Yeast, the same kind used in bread?

So from a previous post I mentioned microorganisms like yeast used to break down sugars to create ethanol, the alcohol found in beverages like beer. Now you might be thinking to yourself, yeast, the stuff used in bread?

Yes that is right, yeast which is used to leaven certain types of bread can also be used to make beer and wine. Bread has a long history (look up some good stuff on wikipedia) which relates to the making and production of beer. I have even heard beer called “liquid bread.” To some degree this makes sense as many of the same ingredients are involved. Foam was sometimes skimmed off the top of beer for use in making bread or small rolls of kneaded uncooked bread were used in beer and wine production (or to make more bread).


Interested in learning how to make your own bread at home? Go here and check it out! Bread can be lots of fun to make and there are some great types.

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Spiciness can be measured, food chemistry

In a previous post I mentioned how cooking is chemistry and there are specialized fields of food chemistry. Something neat to learn is that scales for analyzing the spiciness of food and how intensely it will interact with your tongue have actually been developed. A food chemist by the name of Wilbur Scoville developed a scale for measuring how different pungent chemicals, called “capsinoids,” (based on the chemical capsaicin) will interact based on their dry weight concentration.

Different people have different sensitivities to the spice so the scale is somewhat subjective. You have probably seen these scales before (it is May 25, 2015, go into a Wendy’s and you will see a Scoville scale right now as they are advertising Ghost Pepper fries).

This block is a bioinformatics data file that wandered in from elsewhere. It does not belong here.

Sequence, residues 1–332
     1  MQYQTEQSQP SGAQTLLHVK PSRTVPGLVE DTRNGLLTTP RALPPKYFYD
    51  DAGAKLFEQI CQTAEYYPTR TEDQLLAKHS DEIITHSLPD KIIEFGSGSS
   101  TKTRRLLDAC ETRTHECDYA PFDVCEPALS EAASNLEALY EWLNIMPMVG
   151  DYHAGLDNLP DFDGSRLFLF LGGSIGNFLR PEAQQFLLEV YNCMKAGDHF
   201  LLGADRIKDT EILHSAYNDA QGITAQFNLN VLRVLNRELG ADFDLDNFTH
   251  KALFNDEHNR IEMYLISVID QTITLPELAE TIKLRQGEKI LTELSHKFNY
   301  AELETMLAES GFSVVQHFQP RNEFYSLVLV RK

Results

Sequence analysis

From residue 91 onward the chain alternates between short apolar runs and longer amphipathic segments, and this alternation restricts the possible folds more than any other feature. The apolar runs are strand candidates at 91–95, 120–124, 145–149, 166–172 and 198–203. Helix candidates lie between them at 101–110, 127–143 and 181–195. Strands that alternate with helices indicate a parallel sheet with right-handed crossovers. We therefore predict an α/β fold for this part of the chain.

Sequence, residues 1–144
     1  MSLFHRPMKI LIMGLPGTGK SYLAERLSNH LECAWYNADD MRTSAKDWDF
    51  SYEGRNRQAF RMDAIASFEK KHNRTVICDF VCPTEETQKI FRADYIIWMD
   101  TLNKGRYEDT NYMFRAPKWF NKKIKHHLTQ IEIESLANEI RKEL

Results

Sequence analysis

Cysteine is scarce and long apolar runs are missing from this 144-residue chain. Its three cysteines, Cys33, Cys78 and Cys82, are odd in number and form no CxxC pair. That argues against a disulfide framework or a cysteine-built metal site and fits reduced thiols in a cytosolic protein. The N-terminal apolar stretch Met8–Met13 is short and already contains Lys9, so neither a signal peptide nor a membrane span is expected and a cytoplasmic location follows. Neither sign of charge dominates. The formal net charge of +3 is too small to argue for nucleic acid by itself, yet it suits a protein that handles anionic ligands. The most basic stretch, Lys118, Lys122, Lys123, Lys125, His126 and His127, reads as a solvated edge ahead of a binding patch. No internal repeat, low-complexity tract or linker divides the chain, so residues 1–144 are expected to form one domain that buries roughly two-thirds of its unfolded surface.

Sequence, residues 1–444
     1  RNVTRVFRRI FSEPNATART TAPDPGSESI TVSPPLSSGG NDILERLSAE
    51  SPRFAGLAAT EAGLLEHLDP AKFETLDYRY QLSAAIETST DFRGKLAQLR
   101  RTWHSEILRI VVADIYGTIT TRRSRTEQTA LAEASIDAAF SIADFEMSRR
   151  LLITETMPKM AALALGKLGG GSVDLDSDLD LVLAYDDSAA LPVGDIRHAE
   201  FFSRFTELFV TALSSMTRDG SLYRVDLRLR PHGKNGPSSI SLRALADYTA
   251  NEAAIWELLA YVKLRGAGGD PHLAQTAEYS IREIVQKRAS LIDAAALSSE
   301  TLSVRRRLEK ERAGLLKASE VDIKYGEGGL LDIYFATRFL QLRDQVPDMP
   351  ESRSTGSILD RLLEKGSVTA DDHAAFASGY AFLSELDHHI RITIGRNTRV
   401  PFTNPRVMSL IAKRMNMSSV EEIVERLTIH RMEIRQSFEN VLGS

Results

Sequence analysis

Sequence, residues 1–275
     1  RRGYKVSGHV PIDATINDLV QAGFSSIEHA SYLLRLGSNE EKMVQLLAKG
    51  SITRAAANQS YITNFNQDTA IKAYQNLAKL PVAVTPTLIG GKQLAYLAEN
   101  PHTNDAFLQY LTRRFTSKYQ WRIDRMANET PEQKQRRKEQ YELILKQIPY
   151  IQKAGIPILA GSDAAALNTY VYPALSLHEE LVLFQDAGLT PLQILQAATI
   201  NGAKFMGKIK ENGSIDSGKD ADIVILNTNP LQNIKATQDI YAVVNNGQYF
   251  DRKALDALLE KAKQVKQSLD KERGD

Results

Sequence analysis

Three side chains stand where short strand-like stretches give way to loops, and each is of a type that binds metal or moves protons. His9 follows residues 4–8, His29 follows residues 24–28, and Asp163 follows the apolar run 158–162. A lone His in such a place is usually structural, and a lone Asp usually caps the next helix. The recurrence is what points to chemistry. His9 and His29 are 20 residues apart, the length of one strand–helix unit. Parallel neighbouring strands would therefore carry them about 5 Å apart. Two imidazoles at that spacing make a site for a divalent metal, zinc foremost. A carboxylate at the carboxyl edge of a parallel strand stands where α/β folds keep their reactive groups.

Wikipedia has a great article on this,

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Cooking is chemistry!

If anyone would like a question answers they are welcome to comment and ask me as I get readers (I am new now so I don’t expect many people but I am just starting and starting to promote my site so this will take time. (I saw people asking the question “Why are manhole covers round,” a common interview question and I can tell you why in a moment). I am a chemist professionally and it is interesting because many in my family love to cook. What is really interesting is that, cooking IS chemistry. Cooking is commonly defined as the usage of mixing and preparation techniques of items intended for consumption, often involving heat. Chemistry has to do with the examination and change of matter substances at the molecular level. The thing is, heat and preparation of items involved for consumption causes molecules of the items to change. You could examine food at the molecular level biochemically speaking and see that the food is made up of biological molecules, things like proteins and carbohydrates. Those things change when mixed and heated. Do milk eggs and flour when mixed together in the right proportions look anything like they did originally after being mixed and baked into a cake? There are even specialists in food chemistry.

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